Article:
He later told me that in the middle of the operation, he rose up out of his body and looked down and saw his surgeon flapping his elbows like he was trying to fly. And when Al told me this, I started to laugh, because I’ve been a doctor for 30 years. At that point, I’d never heard anything like that. You sure don’t see doctors on TV doing that. So I said to him, I thought this was a hallucination coming from your anesthesia. And he said, no, I want you to talk to my doctor and confirm it from him. So I did. And his doctor sheepishly admitted to me that he had actually done this – that he had developed this unique habit. He never saw anyone else do it. He would let his residents start the operation, and then he would go in with his sterile gown and gloves on and then watch them perform the operation at the beginning of it. And he placed his hands where he knew they wouldn’t touch anything that was non sterile, flat on his chest, and then point things out to them by wiggling his elbows so he wouldn’t touch anything with his fingers. And he demonstrated exactly the way Al did. Now, I don’t know how I could have known about that unless he had actually seen it.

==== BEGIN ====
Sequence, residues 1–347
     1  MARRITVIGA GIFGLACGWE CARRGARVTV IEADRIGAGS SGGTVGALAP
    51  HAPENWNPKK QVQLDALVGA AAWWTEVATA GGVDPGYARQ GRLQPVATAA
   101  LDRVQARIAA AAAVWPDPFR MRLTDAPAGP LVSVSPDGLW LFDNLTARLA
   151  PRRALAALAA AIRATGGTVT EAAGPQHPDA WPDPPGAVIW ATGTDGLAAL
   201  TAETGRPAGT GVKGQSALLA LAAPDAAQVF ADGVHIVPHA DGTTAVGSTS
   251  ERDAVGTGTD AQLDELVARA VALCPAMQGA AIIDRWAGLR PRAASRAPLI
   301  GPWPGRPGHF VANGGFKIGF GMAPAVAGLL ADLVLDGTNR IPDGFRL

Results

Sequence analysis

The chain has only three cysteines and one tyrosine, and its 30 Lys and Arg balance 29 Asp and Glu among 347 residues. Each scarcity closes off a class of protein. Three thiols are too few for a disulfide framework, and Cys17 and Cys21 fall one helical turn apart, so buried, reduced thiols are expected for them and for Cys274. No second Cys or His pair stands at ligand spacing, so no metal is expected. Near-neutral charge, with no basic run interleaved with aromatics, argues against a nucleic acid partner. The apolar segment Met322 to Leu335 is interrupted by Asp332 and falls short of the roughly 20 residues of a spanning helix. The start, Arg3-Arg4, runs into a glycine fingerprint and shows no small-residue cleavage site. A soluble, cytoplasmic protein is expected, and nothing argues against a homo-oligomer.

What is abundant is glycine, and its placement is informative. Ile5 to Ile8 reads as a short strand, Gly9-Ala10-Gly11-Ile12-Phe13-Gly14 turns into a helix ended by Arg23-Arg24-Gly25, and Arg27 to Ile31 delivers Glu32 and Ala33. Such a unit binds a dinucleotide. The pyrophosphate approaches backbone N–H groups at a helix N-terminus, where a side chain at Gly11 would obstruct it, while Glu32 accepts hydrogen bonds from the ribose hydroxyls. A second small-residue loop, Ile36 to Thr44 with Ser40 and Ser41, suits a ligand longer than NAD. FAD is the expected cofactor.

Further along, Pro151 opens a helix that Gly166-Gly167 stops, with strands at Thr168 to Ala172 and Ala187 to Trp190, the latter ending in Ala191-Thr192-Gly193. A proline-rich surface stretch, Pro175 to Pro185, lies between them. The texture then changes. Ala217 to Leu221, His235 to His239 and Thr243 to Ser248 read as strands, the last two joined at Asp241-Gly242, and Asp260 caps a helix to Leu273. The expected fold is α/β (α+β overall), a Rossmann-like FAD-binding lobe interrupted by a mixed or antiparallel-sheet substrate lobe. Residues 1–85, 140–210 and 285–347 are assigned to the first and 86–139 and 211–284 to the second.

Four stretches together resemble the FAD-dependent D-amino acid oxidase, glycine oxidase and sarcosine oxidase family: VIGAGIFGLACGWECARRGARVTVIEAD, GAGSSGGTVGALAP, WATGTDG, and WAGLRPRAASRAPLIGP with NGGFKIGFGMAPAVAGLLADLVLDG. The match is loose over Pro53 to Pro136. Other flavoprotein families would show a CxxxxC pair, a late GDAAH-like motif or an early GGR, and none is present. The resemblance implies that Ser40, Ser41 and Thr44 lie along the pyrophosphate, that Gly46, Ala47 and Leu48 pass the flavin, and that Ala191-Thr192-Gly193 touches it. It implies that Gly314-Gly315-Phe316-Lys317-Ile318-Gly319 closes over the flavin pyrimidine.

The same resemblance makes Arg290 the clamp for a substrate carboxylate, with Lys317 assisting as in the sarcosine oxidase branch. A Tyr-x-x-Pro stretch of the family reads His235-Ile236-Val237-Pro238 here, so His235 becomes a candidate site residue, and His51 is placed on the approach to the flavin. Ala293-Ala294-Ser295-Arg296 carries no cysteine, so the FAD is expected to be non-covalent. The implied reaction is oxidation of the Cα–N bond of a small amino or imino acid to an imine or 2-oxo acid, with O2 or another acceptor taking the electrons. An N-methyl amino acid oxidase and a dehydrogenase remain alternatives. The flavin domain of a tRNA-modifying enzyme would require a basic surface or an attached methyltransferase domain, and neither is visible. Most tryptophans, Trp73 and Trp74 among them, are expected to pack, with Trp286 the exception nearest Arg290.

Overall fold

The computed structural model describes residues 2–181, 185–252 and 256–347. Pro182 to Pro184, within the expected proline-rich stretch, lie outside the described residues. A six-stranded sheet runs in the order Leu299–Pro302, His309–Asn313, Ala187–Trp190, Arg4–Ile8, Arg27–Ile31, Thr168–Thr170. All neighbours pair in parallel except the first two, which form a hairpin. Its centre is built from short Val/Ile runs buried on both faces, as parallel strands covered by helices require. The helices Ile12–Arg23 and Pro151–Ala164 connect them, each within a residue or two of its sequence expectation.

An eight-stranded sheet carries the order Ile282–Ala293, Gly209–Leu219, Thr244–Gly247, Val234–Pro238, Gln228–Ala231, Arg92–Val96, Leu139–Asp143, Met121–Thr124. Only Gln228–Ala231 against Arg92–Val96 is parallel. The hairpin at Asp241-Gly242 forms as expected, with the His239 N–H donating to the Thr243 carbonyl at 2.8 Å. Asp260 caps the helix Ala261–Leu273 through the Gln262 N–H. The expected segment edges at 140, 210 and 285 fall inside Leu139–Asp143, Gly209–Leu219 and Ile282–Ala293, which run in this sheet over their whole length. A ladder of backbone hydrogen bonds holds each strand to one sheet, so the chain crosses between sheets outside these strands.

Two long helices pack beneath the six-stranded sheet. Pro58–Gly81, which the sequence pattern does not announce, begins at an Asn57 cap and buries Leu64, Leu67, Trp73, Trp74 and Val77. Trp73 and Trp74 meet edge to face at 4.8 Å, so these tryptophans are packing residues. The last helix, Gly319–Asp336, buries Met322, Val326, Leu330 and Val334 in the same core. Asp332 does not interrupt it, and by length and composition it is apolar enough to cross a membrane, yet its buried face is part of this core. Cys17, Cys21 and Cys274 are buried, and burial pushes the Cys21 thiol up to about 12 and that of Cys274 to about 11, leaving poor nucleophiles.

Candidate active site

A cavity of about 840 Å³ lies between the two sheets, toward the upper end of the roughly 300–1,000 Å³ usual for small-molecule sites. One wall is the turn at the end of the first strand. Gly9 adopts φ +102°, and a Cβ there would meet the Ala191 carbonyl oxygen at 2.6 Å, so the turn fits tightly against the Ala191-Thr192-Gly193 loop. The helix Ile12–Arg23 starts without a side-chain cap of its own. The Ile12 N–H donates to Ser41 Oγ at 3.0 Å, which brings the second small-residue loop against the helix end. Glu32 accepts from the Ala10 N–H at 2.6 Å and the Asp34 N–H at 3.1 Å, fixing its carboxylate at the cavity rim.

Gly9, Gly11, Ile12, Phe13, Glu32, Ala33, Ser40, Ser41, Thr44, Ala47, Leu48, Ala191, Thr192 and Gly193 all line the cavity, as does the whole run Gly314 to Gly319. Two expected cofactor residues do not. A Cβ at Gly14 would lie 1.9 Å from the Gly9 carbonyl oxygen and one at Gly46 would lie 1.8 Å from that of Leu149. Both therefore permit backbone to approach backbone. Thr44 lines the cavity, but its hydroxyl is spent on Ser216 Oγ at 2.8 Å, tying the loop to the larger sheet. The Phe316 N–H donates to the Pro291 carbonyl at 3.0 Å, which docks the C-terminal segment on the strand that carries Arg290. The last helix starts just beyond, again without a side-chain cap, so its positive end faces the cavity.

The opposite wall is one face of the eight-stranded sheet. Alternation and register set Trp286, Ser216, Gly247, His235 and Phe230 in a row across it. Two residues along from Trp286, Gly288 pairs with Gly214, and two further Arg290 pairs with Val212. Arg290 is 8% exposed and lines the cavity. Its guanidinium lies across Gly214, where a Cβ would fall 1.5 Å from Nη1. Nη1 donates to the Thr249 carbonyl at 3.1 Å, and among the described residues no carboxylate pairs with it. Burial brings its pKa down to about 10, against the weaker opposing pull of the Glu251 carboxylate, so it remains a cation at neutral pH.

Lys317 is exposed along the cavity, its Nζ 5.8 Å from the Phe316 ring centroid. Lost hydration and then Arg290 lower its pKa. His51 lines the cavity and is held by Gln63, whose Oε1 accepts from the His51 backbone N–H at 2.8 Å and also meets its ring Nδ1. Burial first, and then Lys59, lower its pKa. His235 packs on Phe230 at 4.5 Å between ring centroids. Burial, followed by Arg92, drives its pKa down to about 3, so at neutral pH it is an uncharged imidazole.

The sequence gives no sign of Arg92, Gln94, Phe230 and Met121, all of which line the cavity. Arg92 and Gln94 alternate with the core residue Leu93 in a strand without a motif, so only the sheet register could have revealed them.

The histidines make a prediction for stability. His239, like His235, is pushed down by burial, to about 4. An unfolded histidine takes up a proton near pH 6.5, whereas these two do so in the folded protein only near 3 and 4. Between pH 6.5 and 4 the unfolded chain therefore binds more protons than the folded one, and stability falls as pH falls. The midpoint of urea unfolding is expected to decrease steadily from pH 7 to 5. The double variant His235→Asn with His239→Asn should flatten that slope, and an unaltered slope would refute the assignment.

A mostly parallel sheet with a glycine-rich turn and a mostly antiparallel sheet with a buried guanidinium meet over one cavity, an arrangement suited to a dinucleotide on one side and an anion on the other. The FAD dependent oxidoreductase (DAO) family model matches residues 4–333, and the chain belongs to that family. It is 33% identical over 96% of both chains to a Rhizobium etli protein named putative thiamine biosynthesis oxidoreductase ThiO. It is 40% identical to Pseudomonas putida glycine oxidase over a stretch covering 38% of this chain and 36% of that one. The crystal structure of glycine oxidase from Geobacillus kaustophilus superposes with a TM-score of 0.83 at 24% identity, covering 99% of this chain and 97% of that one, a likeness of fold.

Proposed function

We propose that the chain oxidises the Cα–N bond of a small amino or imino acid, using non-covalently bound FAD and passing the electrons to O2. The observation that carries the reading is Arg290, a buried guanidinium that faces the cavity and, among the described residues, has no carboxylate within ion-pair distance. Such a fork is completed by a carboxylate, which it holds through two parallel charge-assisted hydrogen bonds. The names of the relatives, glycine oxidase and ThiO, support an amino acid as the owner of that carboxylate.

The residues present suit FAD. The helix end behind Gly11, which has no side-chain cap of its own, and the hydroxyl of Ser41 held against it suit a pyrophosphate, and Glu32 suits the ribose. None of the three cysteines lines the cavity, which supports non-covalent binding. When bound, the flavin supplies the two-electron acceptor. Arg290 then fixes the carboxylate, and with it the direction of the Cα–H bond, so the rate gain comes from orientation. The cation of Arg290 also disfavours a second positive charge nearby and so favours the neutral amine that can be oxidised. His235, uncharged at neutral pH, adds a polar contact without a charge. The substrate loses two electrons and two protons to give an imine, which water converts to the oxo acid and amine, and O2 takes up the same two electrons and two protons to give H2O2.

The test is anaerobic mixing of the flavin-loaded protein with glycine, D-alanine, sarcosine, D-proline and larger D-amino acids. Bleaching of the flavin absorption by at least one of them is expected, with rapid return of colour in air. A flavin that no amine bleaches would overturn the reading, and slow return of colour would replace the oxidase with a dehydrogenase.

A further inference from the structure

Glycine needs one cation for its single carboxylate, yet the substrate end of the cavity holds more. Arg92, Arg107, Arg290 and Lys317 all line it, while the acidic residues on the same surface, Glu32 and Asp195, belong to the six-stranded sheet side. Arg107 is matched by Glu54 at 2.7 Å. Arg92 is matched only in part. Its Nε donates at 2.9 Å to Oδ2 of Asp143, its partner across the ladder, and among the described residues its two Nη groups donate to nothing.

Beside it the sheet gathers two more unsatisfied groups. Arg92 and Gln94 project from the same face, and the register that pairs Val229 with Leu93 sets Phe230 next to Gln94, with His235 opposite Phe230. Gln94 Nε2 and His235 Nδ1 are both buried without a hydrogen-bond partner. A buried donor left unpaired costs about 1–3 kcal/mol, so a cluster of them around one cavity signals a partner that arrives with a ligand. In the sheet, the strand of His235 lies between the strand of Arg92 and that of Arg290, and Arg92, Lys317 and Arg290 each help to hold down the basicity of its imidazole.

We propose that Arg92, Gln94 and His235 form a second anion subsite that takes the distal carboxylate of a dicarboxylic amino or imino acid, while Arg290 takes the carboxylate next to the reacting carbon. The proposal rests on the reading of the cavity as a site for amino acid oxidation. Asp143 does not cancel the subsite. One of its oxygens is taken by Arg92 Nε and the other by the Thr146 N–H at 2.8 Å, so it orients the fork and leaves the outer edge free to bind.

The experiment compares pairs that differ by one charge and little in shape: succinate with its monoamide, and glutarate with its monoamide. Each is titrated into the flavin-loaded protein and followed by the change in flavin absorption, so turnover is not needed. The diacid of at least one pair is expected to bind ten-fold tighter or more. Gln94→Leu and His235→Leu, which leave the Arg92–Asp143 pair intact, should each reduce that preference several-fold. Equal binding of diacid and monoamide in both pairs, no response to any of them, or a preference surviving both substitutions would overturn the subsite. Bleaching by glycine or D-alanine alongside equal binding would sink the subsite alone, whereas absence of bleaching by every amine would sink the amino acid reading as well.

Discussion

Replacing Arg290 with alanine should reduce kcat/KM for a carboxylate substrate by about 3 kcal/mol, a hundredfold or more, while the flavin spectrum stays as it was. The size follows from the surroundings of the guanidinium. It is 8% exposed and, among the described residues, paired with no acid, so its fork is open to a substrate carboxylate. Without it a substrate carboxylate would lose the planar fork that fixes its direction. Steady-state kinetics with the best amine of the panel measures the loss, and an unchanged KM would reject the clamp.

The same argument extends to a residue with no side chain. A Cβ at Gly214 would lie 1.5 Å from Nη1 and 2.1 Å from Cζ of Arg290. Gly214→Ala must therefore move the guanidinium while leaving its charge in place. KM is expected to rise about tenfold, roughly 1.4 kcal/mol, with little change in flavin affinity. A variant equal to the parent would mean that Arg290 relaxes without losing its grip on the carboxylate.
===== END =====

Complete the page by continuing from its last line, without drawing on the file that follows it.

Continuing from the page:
Phil Stieg: Well, you’ve changed my performance in the operating room. Now, I don’t do anything that can be remembered by the patient.
Bruce Greyson: And be careful about the jokes you tell in the operating room!
Phil Stieg: Exactly. And in your chapter that you got out of their minds. There was that story about Peter the Schizophrenic, where, as I recall it now, Satan was telling him to jump when he jumped. Then he experienced God.